The state of the Data Quality Committee and XBRL
In Q4 2015, the XBRL US Data Quality Committee (DQC) released its first set of XBRL validation rules to the public with guidance to issuers to apply to all submissions after Jan. 1, 2016. These rules are available via Arelle, the validation engine used by the SEC.
The DQC is focused on improving the usability of XBRL data. Throughout 2016, the priorities of the DQC are to release XBRL validation rules contributed by XBRL US and Workiva as well as develop guidance on reducing unnecessary extensions in XBRL filings.
The Committee is currently reviewing a second round of XBRL validation rules contributed by XBRL US and Workiva. The focus of the next round of validations are:
- To broaden the reach of negative element validation.
- To create basic rules on the use of axes to prevent the accidental use of nonsensical members. For example, filers should not use members representing legal entities on the property, plant, and equipment axis.
The DQC plans to release the next draft of rules for public comment May 23, giving 60 days for feedback. A study conducted in 2012 by the Center for Excellence in Accounting and Securities Analysis (CEASA) at Columbia University and a survey of preparers and data consumers by the Financial Accounting Standards Board (FASB), both found that extensions were one of the major problems impeding the automated consumption of XBRL data. In addition, input from the seven members of the DQC who are data consumers as well as the DQC's outreach efforts to data consumers have confirmed the findings of CEASA and the FASB.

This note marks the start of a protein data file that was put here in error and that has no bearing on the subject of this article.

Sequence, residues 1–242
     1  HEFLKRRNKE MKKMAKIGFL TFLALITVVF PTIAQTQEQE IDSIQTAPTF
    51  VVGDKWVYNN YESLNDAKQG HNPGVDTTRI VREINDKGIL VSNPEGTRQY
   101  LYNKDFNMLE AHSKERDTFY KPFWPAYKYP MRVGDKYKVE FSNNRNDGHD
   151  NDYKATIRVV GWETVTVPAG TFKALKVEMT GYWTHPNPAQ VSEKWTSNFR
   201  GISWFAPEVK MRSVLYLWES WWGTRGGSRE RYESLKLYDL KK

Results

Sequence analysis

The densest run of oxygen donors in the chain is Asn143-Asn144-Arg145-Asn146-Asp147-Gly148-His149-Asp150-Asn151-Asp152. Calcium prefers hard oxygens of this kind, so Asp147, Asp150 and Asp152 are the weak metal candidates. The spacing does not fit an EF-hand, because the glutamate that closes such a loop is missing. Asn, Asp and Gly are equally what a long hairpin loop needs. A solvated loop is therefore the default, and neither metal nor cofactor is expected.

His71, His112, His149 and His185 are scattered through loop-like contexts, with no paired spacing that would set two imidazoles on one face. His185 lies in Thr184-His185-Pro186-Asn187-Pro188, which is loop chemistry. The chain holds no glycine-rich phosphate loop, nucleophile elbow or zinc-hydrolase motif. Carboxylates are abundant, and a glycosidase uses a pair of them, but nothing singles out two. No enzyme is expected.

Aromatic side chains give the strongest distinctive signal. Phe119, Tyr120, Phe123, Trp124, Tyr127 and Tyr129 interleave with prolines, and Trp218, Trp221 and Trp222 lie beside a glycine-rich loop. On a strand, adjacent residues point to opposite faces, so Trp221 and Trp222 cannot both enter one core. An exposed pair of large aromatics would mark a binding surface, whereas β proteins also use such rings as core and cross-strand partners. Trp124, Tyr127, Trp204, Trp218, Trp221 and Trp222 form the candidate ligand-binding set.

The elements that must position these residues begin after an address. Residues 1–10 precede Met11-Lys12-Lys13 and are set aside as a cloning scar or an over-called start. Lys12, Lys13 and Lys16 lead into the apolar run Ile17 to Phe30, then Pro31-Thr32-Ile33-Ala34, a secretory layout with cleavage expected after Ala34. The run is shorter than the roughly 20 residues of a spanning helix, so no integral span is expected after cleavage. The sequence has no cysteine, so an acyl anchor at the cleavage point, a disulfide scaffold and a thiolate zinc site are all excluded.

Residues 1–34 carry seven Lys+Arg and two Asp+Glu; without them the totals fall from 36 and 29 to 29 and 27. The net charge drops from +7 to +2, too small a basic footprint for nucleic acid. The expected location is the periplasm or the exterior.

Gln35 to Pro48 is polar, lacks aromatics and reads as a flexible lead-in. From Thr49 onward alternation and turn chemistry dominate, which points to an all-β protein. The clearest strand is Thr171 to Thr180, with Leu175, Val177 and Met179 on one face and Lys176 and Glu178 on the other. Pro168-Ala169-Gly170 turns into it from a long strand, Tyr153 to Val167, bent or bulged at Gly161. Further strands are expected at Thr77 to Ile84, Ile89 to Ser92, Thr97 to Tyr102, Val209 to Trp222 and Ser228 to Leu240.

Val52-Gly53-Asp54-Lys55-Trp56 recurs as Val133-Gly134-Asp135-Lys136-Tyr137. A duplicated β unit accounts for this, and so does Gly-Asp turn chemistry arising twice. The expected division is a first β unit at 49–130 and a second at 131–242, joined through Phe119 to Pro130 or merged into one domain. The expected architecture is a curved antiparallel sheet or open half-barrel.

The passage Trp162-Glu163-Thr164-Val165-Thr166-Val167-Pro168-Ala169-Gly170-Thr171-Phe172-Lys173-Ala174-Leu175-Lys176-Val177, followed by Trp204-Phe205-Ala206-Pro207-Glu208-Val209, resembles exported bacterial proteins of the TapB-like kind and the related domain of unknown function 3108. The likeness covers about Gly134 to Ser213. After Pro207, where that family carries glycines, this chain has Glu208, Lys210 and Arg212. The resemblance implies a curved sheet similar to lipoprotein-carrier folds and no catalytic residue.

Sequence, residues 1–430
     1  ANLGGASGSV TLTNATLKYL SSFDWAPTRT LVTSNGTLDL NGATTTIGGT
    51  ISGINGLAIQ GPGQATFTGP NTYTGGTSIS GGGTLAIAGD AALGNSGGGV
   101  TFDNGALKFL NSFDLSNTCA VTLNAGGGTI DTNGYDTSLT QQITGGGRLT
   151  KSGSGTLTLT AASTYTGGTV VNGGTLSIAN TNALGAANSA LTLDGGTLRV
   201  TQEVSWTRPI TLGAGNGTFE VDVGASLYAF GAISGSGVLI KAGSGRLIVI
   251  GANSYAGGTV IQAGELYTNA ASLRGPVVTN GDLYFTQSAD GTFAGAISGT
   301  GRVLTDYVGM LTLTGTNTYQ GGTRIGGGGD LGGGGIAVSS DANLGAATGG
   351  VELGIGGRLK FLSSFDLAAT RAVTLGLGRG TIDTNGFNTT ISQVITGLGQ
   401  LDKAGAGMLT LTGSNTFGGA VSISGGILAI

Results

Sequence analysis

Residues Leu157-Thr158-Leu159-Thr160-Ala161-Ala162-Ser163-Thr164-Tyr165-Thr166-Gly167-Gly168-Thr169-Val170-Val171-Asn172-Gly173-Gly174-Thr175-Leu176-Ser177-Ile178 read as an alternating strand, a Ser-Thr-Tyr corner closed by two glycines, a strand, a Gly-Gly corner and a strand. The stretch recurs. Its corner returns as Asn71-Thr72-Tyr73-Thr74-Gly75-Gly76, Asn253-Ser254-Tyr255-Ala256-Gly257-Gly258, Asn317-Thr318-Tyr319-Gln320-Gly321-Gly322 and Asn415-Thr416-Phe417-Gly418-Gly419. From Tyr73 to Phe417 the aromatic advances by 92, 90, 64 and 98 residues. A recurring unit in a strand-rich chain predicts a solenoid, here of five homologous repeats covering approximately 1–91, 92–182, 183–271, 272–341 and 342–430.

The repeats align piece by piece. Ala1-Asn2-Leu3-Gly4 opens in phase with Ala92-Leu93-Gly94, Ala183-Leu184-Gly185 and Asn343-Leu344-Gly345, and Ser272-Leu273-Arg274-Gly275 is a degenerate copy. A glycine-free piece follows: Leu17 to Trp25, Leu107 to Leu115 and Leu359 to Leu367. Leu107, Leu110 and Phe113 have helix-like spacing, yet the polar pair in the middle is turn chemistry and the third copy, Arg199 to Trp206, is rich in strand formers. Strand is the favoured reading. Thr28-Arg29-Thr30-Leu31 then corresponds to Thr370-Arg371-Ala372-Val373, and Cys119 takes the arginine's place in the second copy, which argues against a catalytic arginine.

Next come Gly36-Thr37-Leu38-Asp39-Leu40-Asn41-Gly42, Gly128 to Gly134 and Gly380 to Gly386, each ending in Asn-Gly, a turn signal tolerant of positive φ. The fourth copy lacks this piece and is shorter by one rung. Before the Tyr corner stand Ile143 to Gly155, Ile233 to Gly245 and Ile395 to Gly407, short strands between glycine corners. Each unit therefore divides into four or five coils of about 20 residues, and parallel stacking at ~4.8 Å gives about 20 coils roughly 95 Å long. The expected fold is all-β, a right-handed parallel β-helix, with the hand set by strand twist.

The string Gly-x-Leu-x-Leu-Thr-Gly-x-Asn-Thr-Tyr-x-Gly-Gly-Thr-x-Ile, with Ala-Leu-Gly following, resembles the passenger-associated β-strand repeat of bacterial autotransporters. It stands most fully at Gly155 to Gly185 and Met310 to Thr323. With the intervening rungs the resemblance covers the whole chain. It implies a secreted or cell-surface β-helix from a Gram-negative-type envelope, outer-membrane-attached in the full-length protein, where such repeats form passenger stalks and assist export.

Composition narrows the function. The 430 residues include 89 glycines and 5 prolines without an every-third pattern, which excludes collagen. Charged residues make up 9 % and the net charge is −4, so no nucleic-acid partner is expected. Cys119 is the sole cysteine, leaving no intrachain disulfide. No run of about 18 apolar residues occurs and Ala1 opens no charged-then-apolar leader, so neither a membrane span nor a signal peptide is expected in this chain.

The DQC is actively working on the release of draft guidance on the use of extensions. A discussion draft of preliminary conclusions from this guidance is scheduled to be made publicly available for comment in May around the same time as the second set of validation rules.
To date, the Committee has analyzed thousands of 10-Ks filed in 2015. Data has revealed that a majority of filers continue to use unnecessary extensions for tagging their financial data and that a significant number of extensions are unnecessary in light of the standard concepts available within the taxonomy.
The Committee continues to seek input from data consumers in order to ensure the actions of the Committee are aligned with the data consumers and are focused on improving the usability of data.
The usability of XBRL data is not only a focus of the DQC, it is also a primary focus for the SEC. The DQC has a meeting with the SEC again in Q2 2016 to discuss the results of the first round of data validations on the Q1 2016 filings, along with how filers are reacting to the new rules and how these changes are improving the usability of data. In addition, the DQC will discuss its progress on proposed guidance for extensions.